Locally, September is when the two primary gaming conventions in the area happen. It’s a great time to get together with friends (well you know…when it’s not 2020) and play some games with people who all share the same love of the hobby.
Running an RPG at a convention though is not the same as running your home game. Just as running your game online is not the same as running your home game. There are some key elements to keep in mind to ensure everyone has a great time.
Be True to the Game
When you run a game at a convention you’re an ambassador for that game. You’re running it because you love the game and want to share it and with that comes a responsibility to present the game that others will get if they buy it. If you’re running Star Trek then don’t have space wizards and laser swords, for example. Take the elements of the game that make it special and double down on those. Play up the tropes the game is built on. Use that dragon, power up the power armor, run the shadows. Whatever it is that cements your love for the game – bring that to the forefront.
Generally speaking, don’t. If you feel you must then it needs to be short and concise. If your house rules takes more than a single, short sentence to explain then it has no business in a Convention game. Odds are you’re going to need to explain the actual game to some (if not all) of the players and confusing them with your own take on things isn’t a good option. Personally I’d sooner not include rules to streamline things that to house-rule something.
You have a limited window of time. You don’t want to spend a good portion of it on character generation. Make your characters ahead of time. Make sure you have more than you expect. If you have 6 slots, make 8-10 characters as it gives players more choices. Give each character a very broad description the players can latch onto. Give them an agenda to tie them to the story. Give them ties to each other and to the adventure you’re running. Most importantly if you’re running the adventure and you’re creating the characters then everyone should be able to be a part of the story. If your adventure has no combat and you create a battle maddened barbarian then that’s on you to fix.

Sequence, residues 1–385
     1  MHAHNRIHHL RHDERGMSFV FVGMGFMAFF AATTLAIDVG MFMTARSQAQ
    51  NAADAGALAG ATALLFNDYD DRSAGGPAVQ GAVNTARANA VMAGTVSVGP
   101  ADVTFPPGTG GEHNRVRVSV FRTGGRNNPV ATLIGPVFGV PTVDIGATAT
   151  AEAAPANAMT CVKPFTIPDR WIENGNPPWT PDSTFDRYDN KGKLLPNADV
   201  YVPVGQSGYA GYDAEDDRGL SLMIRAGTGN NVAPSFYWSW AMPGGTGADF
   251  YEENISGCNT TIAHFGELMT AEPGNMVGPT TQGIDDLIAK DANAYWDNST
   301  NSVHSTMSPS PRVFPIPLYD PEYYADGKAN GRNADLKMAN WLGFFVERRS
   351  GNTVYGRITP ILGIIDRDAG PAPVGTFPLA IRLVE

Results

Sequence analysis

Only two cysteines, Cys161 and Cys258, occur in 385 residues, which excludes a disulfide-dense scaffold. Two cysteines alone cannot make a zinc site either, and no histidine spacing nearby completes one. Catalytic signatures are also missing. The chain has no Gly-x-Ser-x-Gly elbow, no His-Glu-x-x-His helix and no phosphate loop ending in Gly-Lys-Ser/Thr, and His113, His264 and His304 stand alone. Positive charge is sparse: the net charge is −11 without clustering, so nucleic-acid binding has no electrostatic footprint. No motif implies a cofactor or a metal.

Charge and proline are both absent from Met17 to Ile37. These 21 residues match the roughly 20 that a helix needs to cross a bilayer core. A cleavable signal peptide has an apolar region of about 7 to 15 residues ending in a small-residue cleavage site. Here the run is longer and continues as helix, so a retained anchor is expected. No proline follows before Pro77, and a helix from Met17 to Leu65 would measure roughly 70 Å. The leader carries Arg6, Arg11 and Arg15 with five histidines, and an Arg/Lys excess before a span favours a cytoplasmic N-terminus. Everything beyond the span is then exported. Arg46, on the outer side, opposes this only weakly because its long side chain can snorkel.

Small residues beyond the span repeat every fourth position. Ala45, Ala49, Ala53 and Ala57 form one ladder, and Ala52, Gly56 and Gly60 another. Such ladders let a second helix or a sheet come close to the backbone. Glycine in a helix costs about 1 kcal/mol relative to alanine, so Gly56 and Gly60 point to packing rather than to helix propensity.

During a convention you only have a certain window of time. You will not start on time. That’s a universal constant at every con I’ve been to. You will be expected to finish on time. Players have other events and your table may be needed. So your pacing needs to be absolutely on point. Playtest the adventure if you’ve never run it before. Know what you can cut if you need to for time. Count on having about 30 minutes less play time than you’re scheduled for between late start and explaining things. Make sure that things build to a suitable climax. If the goal is to slay an evil necromancer, then the party needs to confront (and hopefully slay) the evil necromancer. Do not realize at the last moment that you need to just hand-wave the final confrontation that things have built to.
Aim for a Pg-13 game rating unless you are in an area designated as adults only. If you are in the general convention space you may be overheard by younger people or others who aren’t impressed with your rated R or M game. If you are running a more adult game, even keeping it to PG-13, be aware of your surroundings.
Even if your game is rated Mature and you’re in a separated area be very, very clear as to what that rating means.
Respect your Players
Of the various games at the con, the people at the table chose yours. Be respectful of their time. Be respectful of their boundaries. If you don’t know the players ask them if there are things that they prefer not to have in the game. If your game may be something that contains triggering elements look towards toolkits like the X-card. It all comes down to respecting your fellow players and making them feel welcome.
Know the Game
You’re going to be starting late, you’re going to have limited time. Do you want to spend more time looking up a rule? Checking the duration of an effect, figuring out initiative? Use your time effectively, focus on rulings not rules if you need to, but do not spend 5 minutes double checking a rule.
There’s a sea of tables and ideally you want to stand out. Minis, dice, maps, GM screens, props, etc. The trick is to make your table pop without being too cluttered to play. If you’re lucky enough that your game has a box (and I love that some companies are bring back the Boxed Set) then bring that to set up like a display. If you have a large world map (or can print one) then bring that. It’s even better if you have a frame you can use for it. You want people to see your game and say “what is that?” and then ask questions and perhaps play.